Looking for a present for the birdlovers in your life? Consider this unique title!
Two Rivers Press is celebrating its 20th anniversary this year: 20 years of publishing in Reading, about Reading, for Reading!
Thank you Reading for helping us make reach this 20 year mark! In celebration, we are offering a special discount:
20% off the price of every one of our books ordered via our website, on the 20th of each and every month in 2014!
Browse our catalogue and treat yourself to titles for yourself, your family and your friends. We have something there for the poet, the gardener, the sports enthusiast, the bird lover, the train lover, the one who loves the architecture and history of Reading. Take a look. Buy a book. Save 20%.
“This first collection is the work of an experienced poet who combines emotional wisdom with technical finesse, and is beautifully presented by Two Rivers.”
Read the whole review here.
Come join us for “26 Words: Exploring the DNA of Language”: an exhibit of the culminination of a project started in April 2013, when the writers’ group, 26, teamed up with lettercutters, calligraphers and type designers from Letter Exchange to create limited edition art works springing from the letters of the English language.
Members of each group were paired off into 26 partnerships, with each randomly choosing a word to represent by inserting a knife in a dictionary. The result was an extraordinary collection of words: from acidulate to zaffre, via dig, undulate and connected. The list included the familiar and the unfamiliar, the everyday and the exotic, with every word evocative in its own way. Each pair was asked to explore ideas through these single words, their meanings and their visual expressions. And a 27th pair was asked to collaborate to combine all the words into one work. (For a peek at some of the artwork click here, and for stories of the collaborations between artist and writers click here. ”Wave” by Rob Self-Pierson & Sally Castle is shown above
3 February to 28 March 2014
Department of Typography & Graphic Communication
University of Reading
2 Earley Gate
Reading RG6 7N .
If you miss it in Reading, the exhibit will move on to Sunderland, Bruges, Snape and Hereford through 2014.
It is a wonderful thing to start the new year with positive reviews of three collections published in the Two Rivers Press, First Collection Series. Belinda Cooke reviews Kate Behrens’ The Beholder, Claire Dyer’s Eleven Rooms and Jean Watkins’ Scrimshaw in issue 51, of The North.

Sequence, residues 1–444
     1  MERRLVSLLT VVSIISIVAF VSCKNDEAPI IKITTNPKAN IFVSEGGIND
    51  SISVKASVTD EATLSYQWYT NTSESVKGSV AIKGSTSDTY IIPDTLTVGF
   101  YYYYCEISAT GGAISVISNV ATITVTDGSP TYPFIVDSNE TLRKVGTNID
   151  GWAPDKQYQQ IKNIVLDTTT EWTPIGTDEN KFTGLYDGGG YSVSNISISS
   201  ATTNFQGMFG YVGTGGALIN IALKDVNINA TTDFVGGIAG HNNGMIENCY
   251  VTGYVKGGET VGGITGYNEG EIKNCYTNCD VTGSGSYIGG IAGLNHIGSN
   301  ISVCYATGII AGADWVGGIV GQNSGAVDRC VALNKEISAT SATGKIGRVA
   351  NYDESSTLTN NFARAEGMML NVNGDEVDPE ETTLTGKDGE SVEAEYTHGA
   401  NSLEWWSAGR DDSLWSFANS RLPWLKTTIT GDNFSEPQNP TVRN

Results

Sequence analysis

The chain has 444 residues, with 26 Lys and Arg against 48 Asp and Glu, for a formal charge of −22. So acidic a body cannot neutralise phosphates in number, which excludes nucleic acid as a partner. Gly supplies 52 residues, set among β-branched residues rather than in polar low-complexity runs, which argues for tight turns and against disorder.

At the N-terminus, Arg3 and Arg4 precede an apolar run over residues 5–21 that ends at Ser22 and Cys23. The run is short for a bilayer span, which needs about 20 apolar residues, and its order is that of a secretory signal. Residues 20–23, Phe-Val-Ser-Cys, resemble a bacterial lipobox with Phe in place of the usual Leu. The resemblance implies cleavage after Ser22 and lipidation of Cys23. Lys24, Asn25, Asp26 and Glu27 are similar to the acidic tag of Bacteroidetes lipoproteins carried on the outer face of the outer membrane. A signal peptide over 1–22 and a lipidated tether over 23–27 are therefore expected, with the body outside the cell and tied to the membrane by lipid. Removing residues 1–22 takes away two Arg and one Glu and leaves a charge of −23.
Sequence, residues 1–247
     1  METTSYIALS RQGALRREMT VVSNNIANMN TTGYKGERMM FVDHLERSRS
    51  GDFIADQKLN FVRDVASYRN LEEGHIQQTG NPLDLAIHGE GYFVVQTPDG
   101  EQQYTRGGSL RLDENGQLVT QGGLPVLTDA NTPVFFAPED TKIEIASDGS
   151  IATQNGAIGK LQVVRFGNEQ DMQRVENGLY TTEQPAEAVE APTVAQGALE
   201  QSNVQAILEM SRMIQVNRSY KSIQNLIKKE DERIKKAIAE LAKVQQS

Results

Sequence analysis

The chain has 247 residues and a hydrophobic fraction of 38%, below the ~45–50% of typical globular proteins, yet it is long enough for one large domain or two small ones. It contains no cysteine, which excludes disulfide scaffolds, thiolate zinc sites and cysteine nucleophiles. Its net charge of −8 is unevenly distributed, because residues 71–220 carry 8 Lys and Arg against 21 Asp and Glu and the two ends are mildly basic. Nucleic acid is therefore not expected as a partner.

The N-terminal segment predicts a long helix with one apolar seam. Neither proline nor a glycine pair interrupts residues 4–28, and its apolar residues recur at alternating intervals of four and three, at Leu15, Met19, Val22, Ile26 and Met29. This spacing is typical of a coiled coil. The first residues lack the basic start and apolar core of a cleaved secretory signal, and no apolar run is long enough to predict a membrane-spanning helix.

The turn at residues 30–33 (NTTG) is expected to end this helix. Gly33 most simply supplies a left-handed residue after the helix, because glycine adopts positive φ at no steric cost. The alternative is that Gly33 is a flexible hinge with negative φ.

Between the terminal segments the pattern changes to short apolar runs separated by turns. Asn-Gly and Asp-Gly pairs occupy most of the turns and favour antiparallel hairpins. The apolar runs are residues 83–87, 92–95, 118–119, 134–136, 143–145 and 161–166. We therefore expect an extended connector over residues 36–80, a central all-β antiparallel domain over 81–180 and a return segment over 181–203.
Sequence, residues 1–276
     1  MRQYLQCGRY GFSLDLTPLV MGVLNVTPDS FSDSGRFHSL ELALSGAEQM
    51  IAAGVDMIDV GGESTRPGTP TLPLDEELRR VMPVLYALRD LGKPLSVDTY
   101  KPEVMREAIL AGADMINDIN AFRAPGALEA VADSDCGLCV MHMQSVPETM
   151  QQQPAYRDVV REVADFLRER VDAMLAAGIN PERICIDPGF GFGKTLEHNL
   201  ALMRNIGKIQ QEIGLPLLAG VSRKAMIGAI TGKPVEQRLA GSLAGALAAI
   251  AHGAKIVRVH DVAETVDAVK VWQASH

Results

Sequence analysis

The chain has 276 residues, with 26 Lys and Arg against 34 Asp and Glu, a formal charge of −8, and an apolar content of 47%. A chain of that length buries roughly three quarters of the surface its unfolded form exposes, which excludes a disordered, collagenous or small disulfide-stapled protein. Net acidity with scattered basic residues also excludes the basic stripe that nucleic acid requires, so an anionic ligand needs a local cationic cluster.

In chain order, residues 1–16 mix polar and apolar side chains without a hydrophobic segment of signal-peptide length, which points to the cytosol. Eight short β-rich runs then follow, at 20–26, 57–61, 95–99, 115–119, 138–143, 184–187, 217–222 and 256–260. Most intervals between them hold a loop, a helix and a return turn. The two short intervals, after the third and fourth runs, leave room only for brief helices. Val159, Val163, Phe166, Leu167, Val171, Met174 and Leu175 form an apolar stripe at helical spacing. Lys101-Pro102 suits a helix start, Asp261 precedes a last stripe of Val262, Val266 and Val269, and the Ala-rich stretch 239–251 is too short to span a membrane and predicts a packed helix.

Kate Behrens, The Beholder
“This is a collection that has already earned a great deal of respect and it deserves a wide readership.”
Claire Dyer, Eleven Rooms
“For Dyer place is important because places is where we begin and end and where we make all our connections with those we love. By way of carefully crafted poems with tight, cohesive patterns of syntax, she explores this theme in a very individual and unusual way.”
Jean Watkins, Scrimshaw
“This collection…includes a number of poems which have a sparkly ‘stand alone’ quality about them….All such poems add to the already rich collection.”
A poetry book and/or a book about some amazing aspect of Reading makes a wonderful gift for a friend, a family member or for yourself!
Come support Reading’s only local publisher at one of the following Christmas fairs:
Aunt Elsie’s Christmas Do
Thursday 5 – Saturday 7th December in Reading Market Place.
Big Marquee, warm and cosy, refreshments, beautiful decor, fun atmosphere and unique stuff to buy. Do come along! As well as our most recent books, we’ll have some of Susan Gillmor’s historical prints of Reading to sell and some of Sally Castle’s prints
St Luke with St Bartholomew’s Christmas Fair
Saturday 14th December, 10.30am -1pm, in St Luke’s, Erleigh Road,